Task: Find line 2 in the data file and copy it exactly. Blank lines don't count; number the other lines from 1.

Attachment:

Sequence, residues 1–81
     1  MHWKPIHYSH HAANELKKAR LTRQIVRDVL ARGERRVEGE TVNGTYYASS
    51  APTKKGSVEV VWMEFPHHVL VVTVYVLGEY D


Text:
     1  MHWKPIHYSH HAANELKKAR LTRQIVRDVL ARGERRVEGE TVNGTYYASS